During the recent restoration of two large‐dimension paintings by Murillo, entitled “Miracle of the loaves and fishes” and “Moses and the water from the rock of Horeb,” several studies about the materials employed for their execution were carried out. Macro X‐ray fluorescence scanning technique was performed on both works complemented by point X‐ray fluorescence and stratigraphic analyses, in order to characterize the different components of the paintings (i.e., ground layer, pigments, and binders). The results allowed us to better elucidate Murillo painting technique and his creative process. Ground layer was prepared in the usual fashion of the artist, using earths, calcium carbonate, iron oxide pigments, and white lead. The polichromy is composed of lead white mixed with various pigments, depending on the colour tone to be obtained in the pictorial composition: Red and yellow ochres, vermilion, azurite, smalt, and lead‐tin yellow were the main pigments identified during our study. Finally, the presence of previous conservation treatments was evidenced by detecting pigments (zinc white, Prussian blue, etc.) not coeval with the artist palette.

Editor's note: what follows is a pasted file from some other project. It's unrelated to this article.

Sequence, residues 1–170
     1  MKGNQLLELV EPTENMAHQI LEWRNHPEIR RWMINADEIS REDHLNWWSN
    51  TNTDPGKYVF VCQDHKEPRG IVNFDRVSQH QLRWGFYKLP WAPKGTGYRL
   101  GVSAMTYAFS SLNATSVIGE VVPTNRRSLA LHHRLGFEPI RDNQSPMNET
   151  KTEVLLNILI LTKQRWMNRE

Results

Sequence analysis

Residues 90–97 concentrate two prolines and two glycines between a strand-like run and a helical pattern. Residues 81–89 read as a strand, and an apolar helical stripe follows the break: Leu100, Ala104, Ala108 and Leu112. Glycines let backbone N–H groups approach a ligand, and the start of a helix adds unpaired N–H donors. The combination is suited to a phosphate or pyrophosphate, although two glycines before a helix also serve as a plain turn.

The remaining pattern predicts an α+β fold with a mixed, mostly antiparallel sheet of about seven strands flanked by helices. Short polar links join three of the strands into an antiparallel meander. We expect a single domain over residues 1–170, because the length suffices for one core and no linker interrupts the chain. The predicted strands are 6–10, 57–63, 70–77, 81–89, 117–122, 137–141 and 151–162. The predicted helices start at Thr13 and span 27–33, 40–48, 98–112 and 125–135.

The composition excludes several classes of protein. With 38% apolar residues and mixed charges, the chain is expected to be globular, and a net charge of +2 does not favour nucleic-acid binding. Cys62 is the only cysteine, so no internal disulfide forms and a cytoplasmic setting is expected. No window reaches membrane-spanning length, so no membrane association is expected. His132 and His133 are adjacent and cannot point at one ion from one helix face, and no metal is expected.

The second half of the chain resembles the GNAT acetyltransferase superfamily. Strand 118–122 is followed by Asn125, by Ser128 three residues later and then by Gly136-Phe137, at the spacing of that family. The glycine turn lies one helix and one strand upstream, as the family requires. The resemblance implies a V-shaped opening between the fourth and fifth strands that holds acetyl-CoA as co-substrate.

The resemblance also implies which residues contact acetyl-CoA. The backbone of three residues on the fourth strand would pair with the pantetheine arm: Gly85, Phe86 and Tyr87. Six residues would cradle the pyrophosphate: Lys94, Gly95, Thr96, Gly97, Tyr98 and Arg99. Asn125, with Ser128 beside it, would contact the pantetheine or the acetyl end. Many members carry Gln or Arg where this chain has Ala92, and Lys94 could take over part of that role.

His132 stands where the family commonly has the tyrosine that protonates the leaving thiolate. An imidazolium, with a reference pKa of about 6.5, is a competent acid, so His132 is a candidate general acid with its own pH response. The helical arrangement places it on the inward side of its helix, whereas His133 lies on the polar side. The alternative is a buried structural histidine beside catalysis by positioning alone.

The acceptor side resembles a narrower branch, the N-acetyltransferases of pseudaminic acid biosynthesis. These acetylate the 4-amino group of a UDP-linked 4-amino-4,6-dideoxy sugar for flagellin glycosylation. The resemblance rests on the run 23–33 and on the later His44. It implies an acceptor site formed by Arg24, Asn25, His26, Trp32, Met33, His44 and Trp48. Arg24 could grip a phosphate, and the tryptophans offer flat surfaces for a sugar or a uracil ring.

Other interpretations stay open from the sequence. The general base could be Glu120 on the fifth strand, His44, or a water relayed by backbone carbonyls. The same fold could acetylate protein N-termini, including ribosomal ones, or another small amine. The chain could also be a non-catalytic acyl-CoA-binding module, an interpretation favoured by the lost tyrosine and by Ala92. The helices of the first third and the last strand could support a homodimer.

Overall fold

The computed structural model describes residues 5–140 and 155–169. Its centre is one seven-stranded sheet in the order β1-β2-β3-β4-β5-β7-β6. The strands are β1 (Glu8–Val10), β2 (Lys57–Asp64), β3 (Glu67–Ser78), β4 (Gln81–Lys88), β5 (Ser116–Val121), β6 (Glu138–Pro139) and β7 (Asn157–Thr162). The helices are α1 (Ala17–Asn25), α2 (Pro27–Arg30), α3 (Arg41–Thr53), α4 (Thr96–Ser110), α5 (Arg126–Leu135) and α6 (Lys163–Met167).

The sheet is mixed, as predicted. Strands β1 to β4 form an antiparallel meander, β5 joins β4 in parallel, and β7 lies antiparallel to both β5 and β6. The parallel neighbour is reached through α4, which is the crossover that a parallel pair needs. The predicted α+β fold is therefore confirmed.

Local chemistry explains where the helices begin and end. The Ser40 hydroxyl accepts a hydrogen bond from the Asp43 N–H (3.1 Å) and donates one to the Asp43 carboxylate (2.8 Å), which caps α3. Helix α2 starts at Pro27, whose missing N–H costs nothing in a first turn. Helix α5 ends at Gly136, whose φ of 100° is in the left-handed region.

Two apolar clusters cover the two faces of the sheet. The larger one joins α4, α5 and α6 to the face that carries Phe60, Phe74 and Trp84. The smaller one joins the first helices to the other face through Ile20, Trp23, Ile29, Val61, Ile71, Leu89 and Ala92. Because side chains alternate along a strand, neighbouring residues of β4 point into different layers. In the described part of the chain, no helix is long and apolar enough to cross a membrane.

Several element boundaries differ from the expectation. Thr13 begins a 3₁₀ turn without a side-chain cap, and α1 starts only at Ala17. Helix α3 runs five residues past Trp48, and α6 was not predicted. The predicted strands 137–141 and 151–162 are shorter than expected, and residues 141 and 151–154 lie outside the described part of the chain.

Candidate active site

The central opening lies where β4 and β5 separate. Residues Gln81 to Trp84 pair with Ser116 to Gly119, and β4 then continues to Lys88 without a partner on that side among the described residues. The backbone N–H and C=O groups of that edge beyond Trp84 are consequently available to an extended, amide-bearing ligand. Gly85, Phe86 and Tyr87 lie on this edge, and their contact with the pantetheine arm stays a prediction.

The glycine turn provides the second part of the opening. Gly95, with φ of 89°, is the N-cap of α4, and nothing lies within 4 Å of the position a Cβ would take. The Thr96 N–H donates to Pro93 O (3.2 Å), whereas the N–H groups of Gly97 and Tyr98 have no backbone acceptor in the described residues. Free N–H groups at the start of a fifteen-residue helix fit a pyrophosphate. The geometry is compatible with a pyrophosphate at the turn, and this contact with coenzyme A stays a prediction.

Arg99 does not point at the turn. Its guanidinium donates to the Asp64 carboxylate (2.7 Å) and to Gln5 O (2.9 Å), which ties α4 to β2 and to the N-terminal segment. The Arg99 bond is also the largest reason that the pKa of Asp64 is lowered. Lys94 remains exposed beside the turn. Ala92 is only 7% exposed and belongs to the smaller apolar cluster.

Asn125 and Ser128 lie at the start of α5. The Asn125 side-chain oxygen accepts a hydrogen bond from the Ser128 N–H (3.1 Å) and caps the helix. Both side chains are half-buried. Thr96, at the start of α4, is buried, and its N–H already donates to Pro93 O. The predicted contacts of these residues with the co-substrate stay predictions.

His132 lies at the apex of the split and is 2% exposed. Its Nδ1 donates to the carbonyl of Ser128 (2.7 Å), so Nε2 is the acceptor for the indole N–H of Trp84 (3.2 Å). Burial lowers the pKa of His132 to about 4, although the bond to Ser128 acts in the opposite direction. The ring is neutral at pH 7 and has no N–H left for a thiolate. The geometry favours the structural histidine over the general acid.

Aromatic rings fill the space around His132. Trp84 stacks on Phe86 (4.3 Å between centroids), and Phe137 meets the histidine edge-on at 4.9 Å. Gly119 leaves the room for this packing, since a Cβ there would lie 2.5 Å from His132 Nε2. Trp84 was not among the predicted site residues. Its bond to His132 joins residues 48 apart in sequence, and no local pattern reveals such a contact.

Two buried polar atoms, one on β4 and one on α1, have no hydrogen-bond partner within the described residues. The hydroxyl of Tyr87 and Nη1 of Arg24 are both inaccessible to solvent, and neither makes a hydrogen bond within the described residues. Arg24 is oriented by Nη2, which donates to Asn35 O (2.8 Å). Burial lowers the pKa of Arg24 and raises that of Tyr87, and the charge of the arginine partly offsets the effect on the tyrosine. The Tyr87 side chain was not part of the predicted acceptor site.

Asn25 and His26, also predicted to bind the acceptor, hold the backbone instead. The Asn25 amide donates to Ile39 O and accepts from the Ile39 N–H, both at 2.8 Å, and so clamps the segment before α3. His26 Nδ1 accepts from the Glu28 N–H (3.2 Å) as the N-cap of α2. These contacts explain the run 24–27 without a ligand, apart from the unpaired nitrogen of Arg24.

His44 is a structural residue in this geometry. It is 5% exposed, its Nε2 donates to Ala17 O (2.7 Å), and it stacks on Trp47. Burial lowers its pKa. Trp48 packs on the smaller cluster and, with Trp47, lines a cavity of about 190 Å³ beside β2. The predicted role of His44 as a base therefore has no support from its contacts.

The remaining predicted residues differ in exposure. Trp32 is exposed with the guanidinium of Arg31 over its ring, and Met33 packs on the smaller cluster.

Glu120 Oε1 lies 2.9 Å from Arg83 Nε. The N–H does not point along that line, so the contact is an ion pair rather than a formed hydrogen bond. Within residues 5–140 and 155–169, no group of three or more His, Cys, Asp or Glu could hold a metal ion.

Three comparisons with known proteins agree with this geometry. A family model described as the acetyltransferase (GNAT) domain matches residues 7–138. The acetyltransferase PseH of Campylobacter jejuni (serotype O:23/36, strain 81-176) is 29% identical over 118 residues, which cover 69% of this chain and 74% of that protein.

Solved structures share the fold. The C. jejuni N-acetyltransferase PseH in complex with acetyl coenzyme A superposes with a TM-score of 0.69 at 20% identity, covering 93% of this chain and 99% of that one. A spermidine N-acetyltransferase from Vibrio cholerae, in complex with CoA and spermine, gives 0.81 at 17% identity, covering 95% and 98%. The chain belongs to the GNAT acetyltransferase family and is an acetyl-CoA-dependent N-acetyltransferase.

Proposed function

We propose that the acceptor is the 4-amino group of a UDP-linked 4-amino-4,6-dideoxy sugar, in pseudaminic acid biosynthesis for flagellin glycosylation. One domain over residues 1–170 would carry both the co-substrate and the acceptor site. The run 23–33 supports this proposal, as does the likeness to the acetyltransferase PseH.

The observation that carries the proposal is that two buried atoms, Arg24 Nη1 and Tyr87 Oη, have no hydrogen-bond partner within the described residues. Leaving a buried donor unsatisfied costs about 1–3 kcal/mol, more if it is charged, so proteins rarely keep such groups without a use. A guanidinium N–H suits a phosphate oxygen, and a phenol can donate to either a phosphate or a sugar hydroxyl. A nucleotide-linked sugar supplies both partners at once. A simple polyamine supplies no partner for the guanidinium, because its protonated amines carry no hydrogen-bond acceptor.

Financed by the National Centre for Research and Development under grant No. SP/I/1/77065/10 by the strategic scientific research and experimental development program:
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